World faces slow process of adapting to aging population: UN official

08:04, July 12, 2010      

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The world will have to go through a long process of adapting to both economic and societal changes arising from an aging population, a senior UN official has said.

Hania Zlotnik, director of the Population Division of the UN Department of Economic and Social Affairs (DESA), made the remarks in an interview with Xinhua on the occasion of World Population Day, which is annually observed on July 11.

According to a UN report, by 2050, more than one in five of the 9 billion people on Earth will be over the age of 60. In China, the number of people over the age of 60 will be 400 million, which means one in every four Chinese will be over 60.

"One of the dynamics that is very common today is the aging of most of the populations of the world," Zlotnik said. "It is the declining fertility that causes a population to age."

It takes some time for the process of fertility decline to contribute to an aging population, but it eventually gets there. For example, some European countries have their fertility declines very early in the 20th century, but now they are getting to proportions of older people accounting for 15 or 20 percent.

In Europe, it used to be very easy for the economy to provide for early retirement for their people because there were lots of workers per elderly person.

But now, aging issues are beginning to take their toll. "At this moment, already we're seeing in Europe, great debates about increasing the age of retirement, maintaining people active in the labor force for longer," she said.

"This should be possible because not only are there more people at advanced ages, but they get there being very healthy, and being quite capable of continuing work. So the extension of life has gone together with extension of the healthy life," she said.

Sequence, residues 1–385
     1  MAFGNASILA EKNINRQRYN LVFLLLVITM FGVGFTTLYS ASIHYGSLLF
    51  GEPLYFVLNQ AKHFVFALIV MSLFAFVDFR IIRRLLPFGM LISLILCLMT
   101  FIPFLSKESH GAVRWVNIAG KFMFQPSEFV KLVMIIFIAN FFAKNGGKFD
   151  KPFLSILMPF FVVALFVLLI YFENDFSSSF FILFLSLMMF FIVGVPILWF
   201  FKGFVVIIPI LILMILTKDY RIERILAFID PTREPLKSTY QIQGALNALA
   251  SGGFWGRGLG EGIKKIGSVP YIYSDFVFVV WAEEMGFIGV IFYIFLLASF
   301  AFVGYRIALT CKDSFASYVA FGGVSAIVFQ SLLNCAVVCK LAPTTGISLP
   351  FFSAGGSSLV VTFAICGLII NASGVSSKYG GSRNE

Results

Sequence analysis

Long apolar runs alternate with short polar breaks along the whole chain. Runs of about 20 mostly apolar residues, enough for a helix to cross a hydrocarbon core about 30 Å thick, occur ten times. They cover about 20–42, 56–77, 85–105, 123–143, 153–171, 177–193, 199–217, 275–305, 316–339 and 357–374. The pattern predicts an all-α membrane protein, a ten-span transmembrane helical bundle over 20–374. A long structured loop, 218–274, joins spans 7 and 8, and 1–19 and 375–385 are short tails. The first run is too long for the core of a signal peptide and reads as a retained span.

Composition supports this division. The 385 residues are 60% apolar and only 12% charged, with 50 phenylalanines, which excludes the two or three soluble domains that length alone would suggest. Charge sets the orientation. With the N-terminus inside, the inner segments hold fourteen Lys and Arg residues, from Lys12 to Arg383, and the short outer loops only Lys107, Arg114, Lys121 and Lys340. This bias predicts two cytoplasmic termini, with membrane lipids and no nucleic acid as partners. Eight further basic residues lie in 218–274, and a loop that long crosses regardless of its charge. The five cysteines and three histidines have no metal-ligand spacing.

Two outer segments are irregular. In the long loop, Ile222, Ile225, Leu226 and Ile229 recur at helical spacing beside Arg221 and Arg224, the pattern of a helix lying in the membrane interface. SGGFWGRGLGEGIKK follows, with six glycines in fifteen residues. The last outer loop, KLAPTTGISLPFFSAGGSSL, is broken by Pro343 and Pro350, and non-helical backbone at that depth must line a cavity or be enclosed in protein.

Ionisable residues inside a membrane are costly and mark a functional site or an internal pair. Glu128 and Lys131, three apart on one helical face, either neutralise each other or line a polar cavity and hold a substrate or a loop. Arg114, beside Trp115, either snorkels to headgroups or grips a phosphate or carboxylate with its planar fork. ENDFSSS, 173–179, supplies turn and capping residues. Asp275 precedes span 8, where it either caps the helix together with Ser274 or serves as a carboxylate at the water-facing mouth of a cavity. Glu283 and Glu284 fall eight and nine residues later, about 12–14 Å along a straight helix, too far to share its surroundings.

The developing world is expected to be at the stage Europe is today in about 2050. And when that day comes, they will be expected to also increase their age at retirement, she said.

"People will live longer and want to be active and hopefully it 's going to be for good reasons, and not only because economically -- they can not make ends meet, and they also have to work," said the director.

Population aging also brings about societal adjustments. Fertility declines often go together with longer periods of education for both men and women, especially for women, she said.

As more women join the labor force, couples are having children much later than they used to have. So the generations are lengthening and that creates a totally different social dynamic in the population, she said.

"Each country is going to adapt in a different way, but we know that adaption is already happening as we speak, with more or less difficulty," she said.

"You have a long period of time for making this adaptation. It' s not something that is going to hit the countries tomorrow. It's a slow process of change," she said.

Source: Xinhua


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